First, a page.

Scholars are divided over whether the emancipatory politics promised by new social movements can be attained within civil society or whether seizure of the state apparatus is necessary. The Bolivarian Revolution led by President Hugo Chávez presents a crucial case for examining this question. Chávez's use of the state apparatus has been fundamental in broadening the concept of citizenship, but this extension of citizenship has occurred alongside the deliberate exclusion of others. This has not only limited its appeal as a citizenship project but created counterpublics that challenge the functioning of the government and its very legitimacy. Analysis of Bolivarianism in terms of micropublics shows both how otherwise disparate micropublics fuse together and why their union remains contingent and dependent on the figure of Chávez, its most significant producer.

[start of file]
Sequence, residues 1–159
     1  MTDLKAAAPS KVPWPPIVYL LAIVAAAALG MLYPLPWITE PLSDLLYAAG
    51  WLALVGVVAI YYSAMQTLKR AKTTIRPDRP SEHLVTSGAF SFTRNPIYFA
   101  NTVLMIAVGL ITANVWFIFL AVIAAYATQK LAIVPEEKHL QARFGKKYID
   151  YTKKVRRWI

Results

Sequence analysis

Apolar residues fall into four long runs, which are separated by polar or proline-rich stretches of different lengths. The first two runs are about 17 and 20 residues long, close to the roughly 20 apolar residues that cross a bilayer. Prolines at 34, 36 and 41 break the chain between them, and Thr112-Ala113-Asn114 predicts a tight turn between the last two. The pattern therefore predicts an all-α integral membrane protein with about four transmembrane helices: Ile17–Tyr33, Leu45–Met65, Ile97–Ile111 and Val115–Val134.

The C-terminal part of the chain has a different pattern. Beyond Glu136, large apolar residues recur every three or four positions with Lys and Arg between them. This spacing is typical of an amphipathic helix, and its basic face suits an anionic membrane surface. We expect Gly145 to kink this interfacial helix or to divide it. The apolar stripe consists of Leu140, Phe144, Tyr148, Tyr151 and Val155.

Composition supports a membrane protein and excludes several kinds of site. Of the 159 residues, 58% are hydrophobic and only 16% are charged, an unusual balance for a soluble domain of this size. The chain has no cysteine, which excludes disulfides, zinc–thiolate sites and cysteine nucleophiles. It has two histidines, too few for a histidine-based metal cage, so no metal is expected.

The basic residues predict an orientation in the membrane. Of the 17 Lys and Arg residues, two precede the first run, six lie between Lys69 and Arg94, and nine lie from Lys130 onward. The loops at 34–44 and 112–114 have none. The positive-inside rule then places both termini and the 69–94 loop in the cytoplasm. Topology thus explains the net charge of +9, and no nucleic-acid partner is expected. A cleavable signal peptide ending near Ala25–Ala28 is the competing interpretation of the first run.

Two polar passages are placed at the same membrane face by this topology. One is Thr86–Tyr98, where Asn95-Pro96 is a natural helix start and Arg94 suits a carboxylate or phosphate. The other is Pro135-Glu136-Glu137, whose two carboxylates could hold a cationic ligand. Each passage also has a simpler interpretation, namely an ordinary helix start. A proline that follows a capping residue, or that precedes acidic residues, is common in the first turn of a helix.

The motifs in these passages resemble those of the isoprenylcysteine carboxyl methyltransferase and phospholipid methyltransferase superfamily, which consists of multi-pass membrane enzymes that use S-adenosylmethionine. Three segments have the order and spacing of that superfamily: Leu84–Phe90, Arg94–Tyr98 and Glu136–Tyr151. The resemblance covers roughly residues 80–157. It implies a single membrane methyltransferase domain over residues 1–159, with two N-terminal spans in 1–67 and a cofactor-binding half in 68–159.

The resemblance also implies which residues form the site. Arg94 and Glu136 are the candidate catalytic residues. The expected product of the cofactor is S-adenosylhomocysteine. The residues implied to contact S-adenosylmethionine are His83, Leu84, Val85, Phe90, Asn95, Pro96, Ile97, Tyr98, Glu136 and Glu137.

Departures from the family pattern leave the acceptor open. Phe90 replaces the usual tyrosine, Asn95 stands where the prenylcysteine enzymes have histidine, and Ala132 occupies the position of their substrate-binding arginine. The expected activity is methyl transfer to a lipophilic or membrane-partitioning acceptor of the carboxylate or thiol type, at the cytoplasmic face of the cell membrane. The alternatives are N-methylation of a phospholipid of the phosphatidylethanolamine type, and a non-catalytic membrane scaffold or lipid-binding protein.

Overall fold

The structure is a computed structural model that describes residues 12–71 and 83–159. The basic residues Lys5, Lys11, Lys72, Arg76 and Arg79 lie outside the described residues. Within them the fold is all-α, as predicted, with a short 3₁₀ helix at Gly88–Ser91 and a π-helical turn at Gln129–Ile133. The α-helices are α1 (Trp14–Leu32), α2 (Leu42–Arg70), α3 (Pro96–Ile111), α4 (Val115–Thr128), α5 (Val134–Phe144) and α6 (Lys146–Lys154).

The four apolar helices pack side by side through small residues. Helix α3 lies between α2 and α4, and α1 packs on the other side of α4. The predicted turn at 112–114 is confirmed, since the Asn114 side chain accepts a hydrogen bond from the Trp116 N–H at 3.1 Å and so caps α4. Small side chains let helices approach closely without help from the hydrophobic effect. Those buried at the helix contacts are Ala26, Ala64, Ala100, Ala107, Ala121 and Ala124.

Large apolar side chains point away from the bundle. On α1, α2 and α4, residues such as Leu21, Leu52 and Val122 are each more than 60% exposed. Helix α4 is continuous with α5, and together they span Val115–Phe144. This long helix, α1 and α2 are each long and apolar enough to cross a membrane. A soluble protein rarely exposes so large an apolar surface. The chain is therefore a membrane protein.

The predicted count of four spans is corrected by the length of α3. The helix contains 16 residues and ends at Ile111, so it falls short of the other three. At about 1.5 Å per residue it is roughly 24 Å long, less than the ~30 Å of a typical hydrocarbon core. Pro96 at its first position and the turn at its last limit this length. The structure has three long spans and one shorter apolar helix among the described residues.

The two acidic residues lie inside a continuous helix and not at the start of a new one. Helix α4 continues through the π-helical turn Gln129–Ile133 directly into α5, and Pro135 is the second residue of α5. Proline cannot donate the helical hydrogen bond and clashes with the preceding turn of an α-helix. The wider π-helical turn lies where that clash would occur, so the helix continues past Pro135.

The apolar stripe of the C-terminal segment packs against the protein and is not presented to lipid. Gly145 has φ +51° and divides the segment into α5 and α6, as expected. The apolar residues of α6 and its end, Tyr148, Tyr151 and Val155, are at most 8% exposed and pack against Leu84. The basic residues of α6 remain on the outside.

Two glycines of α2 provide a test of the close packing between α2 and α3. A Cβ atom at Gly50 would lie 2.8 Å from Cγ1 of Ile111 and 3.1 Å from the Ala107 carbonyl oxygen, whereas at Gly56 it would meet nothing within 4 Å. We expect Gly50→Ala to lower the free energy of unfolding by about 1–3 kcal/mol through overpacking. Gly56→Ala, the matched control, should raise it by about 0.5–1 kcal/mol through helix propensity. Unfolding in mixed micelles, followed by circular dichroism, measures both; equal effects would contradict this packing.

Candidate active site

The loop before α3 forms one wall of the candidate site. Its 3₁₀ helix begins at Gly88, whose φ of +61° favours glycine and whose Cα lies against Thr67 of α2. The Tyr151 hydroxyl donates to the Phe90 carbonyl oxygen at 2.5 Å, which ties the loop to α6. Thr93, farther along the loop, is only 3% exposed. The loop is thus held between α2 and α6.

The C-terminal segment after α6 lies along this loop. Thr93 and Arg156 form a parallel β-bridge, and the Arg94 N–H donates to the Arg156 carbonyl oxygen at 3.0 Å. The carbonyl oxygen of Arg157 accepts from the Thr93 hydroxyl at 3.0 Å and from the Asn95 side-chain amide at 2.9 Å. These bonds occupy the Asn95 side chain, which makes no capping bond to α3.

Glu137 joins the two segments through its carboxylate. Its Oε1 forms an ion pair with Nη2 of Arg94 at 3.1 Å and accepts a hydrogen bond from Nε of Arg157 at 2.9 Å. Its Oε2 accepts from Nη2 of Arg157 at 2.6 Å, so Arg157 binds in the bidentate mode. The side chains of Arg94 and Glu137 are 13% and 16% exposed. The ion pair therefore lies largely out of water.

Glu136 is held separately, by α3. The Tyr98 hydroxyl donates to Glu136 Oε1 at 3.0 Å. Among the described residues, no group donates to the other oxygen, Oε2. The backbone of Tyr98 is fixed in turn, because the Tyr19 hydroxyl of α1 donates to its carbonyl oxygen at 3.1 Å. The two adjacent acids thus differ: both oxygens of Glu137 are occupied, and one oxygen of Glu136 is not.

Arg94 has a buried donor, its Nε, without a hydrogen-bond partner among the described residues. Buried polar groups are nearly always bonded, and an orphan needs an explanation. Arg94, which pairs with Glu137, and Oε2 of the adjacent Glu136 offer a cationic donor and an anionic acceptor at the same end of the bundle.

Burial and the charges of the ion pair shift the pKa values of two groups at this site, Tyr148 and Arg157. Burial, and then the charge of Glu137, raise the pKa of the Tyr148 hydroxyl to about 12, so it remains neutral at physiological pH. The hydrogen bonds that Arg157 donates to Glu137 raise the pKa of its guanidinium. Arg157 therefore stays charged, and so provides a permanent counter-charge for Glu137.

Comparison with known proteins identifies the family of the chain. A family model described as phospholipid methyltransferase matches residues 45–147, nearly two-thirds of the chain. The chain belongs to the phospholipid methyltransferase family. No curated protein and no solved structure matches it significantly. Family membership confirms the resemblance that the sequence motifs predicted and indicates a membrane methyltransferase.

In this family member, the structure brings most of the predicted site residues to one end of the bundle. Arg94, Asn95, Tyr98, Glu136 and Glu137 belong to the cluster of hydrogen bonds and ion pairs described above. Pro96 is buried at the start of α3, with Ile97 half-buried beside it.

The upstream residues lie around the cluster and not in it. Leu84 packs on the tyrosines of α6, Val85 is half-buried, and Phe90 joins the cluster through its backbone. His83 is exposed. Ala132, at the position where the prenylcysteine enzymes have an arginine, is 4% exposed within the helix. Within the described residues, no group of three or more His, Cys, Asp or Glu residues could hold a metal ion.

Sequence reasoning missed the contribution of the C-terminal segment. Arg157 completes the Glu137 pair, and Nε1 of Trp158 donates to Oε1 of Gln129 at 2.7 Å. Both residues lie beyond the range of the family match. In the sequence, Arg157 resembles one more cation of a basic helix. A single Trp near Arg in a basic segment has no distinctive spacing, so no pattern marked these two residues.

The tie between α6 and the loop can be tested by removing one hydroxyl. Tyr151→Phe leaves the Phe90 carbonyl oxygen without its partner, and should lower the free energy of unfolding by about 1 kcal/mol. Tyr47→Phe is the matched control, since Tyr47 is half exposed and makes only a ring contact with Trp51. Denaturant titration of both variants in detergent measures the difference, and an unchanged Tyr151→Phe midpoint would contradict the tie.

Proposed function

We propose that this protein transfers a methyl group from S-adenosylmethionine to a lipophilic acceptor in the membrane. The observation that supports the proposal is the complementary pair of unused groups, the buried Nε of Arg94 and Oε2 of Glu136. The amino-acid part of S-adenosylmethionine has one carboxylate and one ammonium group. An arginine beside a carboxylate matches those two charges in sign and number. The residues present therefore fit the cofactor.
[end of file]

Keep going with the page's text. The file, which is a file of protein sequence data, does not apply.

|Number of pages||14|
|Journal||Latin American Perspectives|
|State||Published - 1 Jan 2011|
- Hugo Chávez
- New social movements